# algorithm - Path finding given vertex constraints

I'm going to give the general case of this problem, because this is the 2nd time I've seen something that can be reduced to this and I haven't been able to find anything better than checking every path.

Suppose we have a directed graph G with vertices V such that there are no cycles and no self-edges. Additionally, each vertex has a color. Find the longest path starting from a given vertex such that the path goes through at most 1 vertex of each color.

I've implemented what is essentially depth-first search by removing all vertices of the added vertex's color in the recursive step, and I'm wondering if there's a better way to do it. The issue I keep running into is that storing past results is difficult because of the color restriction, so shortest path algorithms like Dijkstra's don't give the right result.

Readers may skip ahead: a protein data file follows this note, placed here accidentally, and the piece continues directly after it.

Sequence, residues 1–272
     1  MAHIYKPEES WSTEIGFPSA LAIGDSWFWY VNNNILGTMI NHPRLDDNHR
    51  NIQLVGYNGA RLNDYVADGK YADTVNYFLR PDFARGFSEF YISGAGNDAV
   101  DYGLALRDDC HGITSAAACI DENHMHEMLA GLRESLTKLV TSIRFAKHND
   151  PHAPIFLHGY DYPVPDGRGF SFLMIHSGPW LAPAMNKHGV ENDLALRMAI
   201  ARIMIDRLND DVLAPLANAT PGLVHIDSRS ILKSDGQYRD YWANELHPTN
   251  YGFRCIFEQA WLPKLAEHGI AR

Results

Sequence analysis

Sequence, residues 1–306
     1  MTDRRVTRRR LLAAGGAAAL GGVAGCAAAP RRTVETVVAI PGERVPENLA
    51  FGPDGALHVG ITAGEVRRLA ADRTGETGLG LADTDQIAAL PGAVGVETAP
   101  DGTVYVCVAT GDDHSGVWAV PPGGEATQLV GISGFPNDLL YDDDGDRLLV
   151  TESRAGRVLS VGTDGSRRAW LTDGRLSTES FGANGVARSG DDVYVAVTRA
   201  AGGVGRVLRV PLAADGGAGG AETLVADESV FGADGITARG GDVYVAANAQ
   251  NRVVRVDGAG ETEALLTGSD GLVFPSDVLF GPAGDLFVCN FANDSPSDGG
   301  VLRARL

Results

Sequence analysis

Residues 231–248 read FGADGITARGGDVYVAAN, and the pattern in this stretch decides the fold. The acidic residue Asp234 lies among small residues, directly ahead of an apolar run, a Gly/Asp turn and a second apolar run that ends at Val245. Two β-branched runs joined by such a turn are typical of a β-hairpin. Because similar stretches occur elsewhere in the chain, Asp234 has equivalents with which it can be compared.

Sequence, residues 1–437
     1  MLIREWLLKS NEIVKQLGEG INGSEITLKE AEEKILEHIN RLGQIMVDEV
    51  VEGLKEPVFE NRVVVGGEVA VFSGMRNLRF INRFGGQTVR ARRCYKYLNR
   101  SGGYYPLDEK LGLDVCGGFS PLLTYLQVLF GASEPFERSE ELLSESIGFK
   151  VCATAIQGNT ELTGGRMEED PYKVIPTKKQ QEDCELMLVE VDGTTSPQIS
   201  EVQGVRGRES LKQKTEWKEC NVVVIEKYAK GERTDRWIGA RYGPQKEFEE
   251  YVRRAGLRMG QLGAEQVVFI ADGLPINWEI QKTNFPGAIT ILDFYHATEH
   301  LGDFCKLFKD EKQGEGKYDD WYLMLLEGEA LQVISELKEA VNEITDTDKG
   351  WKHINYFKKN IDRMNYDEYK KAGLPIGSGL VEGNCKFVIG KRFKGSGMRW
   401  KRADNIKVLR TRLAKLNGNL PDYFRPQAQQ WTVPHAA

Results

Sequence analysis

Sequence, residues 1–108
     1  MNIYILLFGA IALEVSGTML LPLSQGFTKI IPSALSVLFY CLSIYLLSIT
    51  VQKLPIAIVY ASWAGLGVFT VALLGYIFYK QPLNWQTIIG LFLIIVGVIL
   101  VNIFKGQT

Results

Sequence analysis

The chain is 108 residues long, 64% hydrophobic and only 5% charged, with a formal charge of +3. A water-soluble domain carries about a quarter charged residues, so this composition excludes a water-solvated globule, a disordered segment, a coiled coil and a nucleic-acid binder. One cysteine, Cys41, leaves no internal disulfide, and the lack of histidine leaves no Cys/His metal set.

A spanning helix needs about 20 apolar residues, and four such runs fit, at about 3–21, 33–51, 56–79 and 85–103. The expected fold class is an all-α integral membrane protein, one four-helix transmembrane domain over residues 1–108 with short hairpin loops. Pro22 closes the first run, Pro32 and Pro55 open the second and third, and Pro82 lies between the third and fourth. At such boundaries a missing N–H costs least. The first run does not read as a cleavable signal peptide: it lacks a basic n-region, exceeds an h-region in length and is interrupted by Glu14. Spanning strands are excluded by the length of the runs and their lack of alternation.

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I can come up with `O(n*2^k)` algorithm where `n = max { |E|, |V|}` and `k = #colors`. Note that this problem is very different from shortest path, because in here you are talking about longest path (which is generally NP-Hard problem, but the graph is a DAG, so there might be efficient solutions). – amit Oct 6 '13 at 7:30
Backtracking (DFS) sounds good. There is no need to store past states, just colours that are visited with a current branch. Colour and vertex ordering is needed for a backtrecking, to know visit order from a current vertex. Solution is found when current branch has number of colours length. – Ante Oct 6 '13 at 20:24